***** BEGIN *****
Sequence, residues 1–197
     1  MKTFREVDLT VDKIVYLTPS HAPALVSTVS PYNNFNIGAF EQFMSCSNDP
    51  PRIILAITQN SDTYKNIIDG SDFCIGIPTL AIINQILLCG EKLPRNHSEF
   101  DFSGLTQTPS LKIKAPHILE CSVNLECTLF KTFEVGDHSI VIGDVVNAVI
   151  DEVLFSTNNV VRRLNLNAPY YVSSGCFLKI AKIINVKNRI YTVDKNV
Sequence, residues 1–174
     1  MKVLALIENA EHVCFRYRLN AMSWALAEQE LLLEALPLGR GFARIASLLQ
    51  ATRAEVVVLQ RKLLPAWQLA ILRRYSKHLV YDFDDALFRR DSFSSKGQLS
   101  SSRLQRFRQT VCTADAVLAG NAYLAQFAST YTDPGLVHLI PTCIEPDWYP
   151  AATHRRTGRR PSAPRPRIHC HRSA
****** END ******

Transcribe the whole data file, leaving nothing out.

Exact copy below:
Sequence, residues 1–197
     1  MKTFREVDLT VDKIVYLTPS HAPALVSTVS PYNNFNIGAF EQFMSCSNDP
    51  PRIILAITQN SDTYKNIIDG SDFCIGIPTL AIINQILLCG EKLPRNHSEF
   101  DFSGLTQTPS LKIKAPHILE CSVNLECTLF KTFEVGDHSI VIGDVVNAVI
   151  DEVLFSTNNV VRRLNLNAPY YVSSGCFLKI AKIINVKNRI YTVDKNV
Sequence, residues 1–174
     1  MKVLALIENA EHVCFRYRLN AMSWALAEQE LLLEALPLGR GFARIASLLQ
    51  ATRAEVVVLQ RKLLPAWQLA ILRRYSKHLV YDFDDALFRR DSFSSKGQLS
   101  SSRLQRFRQT VCTADAVLAG NAYLAQFAST YTDPGLVHLI PTCIEPDWYP
   151  AATHRRTGRR PSAPRPRIHC HRSA